“Jezebel…Queen of Sheba…”
The redhead draped her arms around Joe’s neck. It was like being wrapped in Heavenly Swaddling Clothes. But he was wise; yes, old Joe was cognizant of this trollop’s game!
“Mae West…” he croaked, shuddering.
The woman’s tongue slipped through his bristling whiskers to loll about in his mouth. Joe’s eyes danced. She sucked away at his lips. Joe’s eyelids fell. He was nearly in tears. The redhead’s bulges were held generously against his body; her hips ground deeply into his crotch.
The couple came out of it for air. Joe was panting helplessly. Her expression was almost a snarl. Her hands rubbed hard over his spine. “Does that feel good, Joe?”, her body still drilling against his.
Beautiful Joe’s eyes moved skyward. “Oh…oh, get thee behind me, Satan…”
“No, Joe. YOU get behind ME. We’ll have so much fun. Like this…”
With an adroit index finger, the woman goosed Joe through his heavy jeans, deep up his anus. He quivered and seemed to propel an inch or two off the pavement, smearing his manhood against the woman’s pubes. She laughed throatily. “Yes, Joe. You’ll do that to me someday.”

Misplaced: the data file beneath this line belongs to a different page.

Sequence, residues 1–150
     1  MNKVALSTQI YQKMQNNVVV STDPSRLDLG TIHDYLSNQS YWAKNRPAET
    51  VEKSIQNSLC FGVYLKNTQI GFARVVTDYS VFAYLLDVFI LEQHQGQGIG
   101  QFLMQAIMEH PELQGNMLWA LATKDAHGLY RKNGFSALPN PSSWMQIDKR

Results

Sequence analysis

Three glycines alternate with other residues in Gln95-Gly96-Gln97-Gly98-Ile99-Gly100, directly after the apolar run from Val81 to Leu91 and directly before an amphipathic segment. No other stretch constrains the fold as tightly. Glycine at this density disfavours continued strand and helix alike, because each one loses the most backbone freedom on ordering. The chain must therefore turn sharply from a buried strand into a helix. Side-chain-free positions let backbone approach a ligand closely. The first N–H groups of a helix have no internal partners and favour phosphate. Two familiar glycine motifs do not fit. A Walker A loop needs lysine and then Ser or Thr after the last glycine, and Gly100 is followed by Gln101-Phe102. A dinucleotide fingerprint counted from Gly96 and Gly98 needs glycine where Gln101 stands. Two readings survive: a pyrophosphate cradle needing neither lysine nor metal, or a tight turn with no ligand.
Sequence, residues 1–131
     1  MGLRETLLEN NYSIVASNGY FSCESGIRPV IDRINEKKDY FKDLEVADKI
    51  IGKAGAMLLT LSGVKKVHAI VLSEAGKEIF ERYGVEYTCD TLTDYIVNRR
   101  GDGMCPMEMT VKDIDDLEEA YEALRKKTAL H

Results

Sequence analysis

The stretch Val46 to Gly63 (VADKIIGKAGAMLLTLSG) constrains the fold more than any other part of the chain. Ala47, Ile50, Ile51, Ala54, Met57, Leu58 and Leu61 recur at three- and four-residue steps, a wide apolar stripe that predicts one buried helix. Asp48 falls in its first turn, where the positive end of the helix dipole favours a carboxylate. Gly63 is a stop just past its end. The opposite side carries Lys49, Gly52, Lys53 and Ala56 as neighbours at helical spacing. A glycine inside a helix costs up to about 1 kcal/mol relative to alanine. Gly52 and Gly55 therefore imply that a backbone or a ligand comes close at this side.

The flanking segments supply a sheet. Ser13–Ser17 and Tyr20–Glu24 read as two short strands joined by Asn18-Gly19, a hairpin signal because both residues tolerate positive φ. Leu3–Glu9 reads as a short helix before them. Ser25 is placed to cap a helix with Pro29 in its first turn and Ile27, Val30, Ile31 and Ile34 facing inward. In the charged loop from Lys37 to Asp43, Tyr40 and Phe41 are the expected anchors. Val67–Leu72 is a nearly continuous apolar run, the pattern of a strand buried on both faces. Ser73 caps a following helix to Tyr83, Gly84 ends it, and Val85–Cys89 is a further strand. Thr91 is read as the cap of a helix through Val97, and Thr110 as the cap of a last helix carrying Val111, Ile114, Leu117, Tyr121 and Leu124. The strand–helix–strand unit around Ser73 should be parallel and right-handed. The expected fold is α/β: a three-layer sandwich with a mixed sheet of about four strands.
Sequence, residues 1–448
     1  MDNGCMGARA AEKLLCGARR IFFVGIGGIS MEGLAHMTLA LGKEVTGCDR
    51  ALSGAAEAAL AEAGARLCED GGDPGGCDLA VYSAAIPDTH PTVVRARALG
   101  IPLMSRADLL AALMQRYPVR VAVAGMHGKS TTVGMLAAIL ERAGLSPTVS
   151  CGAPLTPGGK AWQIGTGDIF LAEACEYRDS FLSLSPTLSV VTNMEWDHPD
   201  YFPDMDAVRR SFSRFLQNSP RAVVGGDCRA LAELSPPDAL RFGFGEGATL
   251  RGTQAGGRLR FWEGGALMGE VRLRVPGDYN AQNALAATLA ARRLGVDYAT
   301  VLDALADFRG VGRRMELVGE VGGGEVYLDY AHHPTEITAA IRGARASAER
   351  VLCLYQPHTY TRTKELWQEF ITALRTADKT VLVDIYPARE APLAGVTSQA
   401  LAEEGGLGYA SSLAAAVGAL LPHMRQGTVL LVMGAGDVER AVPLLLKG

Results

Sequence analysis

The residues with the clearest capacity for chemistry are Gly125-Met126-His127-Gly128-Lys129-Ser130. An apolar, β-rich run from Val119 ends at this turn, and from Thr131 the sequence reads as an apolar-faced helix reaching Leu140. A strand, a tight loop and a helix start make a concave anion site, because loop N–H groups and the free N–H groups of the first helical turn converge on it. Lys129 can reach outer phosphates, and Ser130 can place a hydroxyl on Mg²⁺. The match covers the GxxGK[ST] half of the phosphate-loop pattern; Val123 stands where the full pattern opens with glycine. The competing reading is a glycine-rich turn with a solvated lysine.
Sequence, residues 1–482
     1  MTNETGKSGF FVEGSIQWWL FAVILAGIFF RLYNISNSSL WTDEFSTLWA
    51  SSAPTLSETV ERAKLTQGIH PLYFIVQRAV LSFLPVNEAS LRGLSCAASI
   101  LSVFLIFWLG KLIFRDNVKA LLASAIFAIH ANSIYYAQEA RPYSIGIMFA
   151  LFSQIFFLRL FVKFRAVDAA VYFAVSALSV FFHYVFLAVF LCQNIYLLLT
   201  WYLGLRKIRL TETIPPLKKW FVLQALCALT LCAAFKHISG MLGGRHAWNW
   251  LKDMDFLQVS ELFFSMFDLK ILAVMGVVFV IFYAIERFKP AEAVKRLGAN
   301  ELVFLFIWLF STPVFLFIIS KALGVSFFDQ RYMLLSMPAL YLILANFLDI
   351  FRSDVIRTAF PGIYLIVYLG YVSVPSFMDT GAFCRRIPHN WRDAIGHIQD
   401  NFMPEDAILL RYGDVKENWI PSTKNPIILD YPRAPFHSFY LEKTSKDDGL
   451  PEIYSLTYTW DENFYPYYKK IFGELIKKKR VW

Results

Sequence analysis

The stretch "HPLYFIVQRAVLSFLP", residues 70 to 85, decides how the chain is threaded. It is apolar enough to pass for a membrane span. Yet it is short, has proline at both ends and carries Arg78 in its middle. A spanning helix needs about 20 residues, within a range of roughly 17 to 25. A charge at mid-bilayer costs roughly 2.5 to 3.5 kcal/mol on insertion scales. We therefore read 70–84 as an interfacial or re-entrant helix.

Joe whinnied and snorted as would a mad stallion. The woman strummed his enflamed crotch like a stringed instrument. Even her eyes were widened by the dimensions of his ripening bulge tonight. The gravel crunched under her knees as she lowered herself, planted her face in his crotch, and lovingly moved it back and forth. She hummed softly, musically. Joe melted.
“Oh…oh, Cleopatra…Lady Chatterley…” he inhaled.
The woman’s fingers kneaded his crotch with increasing speed.  Beautiful Joe leaned backwards, balanced on his spine. He had surrendered. The woman unzipped his trousers in order to play more intimate games with his testicles; but one brush of her hand across the underside of Joe’s bare cock produced a fat, thick belch of semen.